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Juliane Koepcke

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Juliane Koepcke
Koepcke in April 2019
Born (1954-10-10) 10 October 1954 (age 69)
Lima, Peru
Erich Diller
(m. 1989)
RelativesHans-Wilhelm Koepcke (father)
Maria Koepcke (mother)

Juliane Margaret Beate Koepcke /Joo-lia-nay, KOP-kay/ (born 10 October 1954), also known by her married name Juliane Diller, is a German-Peruvian mammalogist who specialises in bats. The daughter of German zoologists Maria and Hans-Wilhelm Koepcke, she became famous at the age of 17 as the sole survivor of the 1971 LANSA Flight 508 plane crash; after falling 3,000 m (10,000 ft) while strapped to her seat and suffering numerous injuries, she survived 11 days alone in the Peruvian Amazon rainforest until she was rescued by local lumberjacks after finding their camp.

Early life[edit]

Koepcke was born in Lima, Peru on 10 October 1954, the only child of German zoologists Maria (née von Mikulicz-Radecki; 1924–1971) and Hans-Wilhelm Koepcke (1914–2000). Her parents were working at Lima's Museum of Natural History when she was born. At the age of 14, she left Lima with her parents to establish the Panguana research station in the Amazon rainforest, where she learned survival skills. Educational authorities disapproved and she was required to return to the Deutsche Schule Lima Alexander von Humboldt to take her exams, graduating on 23 December 1971.[1]


On 24 December 1971, just one day after she graduated, Koepcke flew on LANSA Flight 508. Her mother Maria had wanted Juliane to return to Panguana with her on the 19th or 20th of December 1971, but Koepcke wanted to attend her graduation ceremony in Lima on 23 December. Maria agreed that they would stay for her graduation and instead they scheduled a flight for Christmas Eve. All flights were fully booked except for one with LANSA. Koepcke's father, Hans-Wilhelm, urged his wife to avoid flying with the airline due to its poor reputation.[1] Nonetheless, the flight was booked. The plane was struck by lightning mid-flight and began to disintegrate before plummeting to the ground. Koepcke found herself still strapped to her row of seats, falling 3,000 m (10,000 ft) into the Amazon rainforest.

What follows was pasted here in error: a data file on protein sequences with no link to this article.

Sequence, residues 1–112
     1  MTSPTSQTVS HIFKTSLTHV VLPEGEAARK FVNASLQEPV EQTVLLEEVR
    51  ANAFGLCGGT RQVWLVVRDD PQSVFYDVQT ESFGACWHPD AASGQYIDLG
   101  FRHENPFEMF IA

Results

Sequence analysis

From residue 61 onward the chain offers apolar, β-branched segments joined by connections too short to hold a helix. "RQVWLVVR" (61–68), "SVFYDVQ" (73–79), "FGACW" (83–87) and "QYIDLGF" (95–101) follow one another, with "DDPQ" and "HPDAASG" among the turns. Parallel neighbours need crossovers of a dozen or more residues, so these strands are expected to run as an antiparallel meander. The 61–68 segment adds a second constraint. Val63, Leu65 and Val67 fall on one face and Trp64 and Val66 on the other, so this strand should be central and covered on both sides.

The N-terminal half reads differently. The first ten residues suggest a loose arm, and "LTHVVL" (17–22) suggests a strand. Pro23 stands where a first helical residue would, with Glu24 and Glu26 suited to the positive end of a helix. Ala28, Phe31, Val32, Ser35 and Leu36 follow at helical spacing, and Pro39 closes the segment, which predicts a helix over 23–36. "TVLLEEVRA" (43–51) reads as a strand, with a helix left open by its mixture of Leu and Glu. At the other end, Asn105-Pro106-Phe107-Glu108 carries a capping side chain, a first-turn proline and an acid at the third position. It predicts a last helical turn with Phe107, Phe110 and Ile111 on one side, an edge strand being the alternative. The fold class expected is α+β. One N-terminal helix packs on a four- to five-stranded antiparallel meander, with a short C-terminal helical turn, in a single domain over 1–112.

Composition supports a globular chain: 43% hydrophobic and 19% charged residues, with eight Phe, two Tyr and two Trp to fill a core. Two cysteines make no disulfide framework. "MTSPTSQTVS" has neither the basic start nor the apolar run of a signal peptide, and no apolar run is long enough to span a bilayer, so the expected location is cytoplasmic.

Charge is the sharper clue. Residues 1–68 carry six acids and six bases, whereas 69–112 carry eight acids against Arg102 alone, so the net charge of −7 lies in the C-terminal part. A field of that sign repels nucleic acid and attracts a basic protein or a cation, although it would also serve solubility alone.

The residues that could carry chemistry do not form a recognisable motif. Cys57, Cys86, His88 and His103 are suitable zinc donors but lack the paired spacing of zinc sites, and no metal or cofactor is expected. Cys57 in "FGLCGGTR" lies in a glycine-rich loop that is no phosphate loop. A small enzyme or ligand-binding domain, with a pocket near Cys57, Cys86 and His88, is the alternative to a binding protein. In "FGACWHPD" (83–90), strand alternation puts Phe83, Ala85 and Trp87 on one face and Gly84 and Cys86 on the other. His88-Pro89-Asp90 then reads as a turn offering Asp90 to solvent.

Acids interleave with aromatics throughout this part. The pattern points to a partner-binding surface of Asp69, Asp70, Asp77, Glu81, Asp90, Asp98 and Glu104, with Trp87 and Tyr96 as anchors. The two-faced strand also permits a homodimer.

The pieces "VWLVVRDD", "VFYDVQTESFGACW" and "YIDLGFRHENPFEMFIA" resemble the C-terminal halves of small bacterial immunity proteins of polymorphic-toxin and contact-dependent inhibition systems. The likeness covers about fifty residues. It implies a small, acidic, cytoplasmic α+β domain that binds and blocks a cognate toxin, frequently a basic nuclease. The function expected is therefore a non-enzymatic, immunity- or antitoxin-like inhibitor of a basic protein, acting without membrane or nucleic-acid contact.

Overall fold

Koepcke survived the fall but suffered injuries such as a broken collarbone, a deep cut on her right arm, an eye injury, and a concussion. She then spent 11 days in the rainforest, most of which were spent making her way through water by following a creek to a river. While in the jungle, she dealt with severe insect bites and an infestation of botfly larvae in her wounded arm. After nine days, she was able to find an encampment that had been set up by local lumberjacks. A few hours later, the returning lumberjacks found her, poured gasoline onto her wound, and used a canoe to transport her for the next 11 hours to a more inhabited area. She was soon airlifted to a hospital.[2]

Koepcke's unlikely survival has been the subject of much speculation. Experts have said that she survived the fall because she was harnessed into her seat, the window seat, which was attached to the two seats to her left as part of a row of three. That was thought to have functioned as a parachute which slowed her fall.[3][4] The impact may have also been lessened by the updraft from a thunderstorm Koepcke fell through, as well as the thick foliage at her landing site.[3][4] As many as 14 other passengers were later discovered to have survived the initial crash but died while waiting to be rescued.[5]


I had nightmares for a long time, for years, and of course the grief about my mother's death and that of the other people came back again and again. The thought "why was I the only survivor?" haunts me. It always will.

Koepcke in 2010[6]

After recovering from her injuries, Koepcke assisted search parties in locating the crash site and recovering the bodies of victims. Her mother's body was discovered on 12 January 1972.

Koepcke returned to her parents' native Germany, where she fully recovered from her physical injuries. Like her parents, she studied biology at the University of Kiel and graduated in 1980.[7] She received a doctorate from Ludwig Maximilian University of Munich and returned to Peru to conduct research in mammalogy, specialising in bats.[7] She published her thesis, "Ecological study of a bat colony in the tropical rain forest of Peru", in 1987.[8]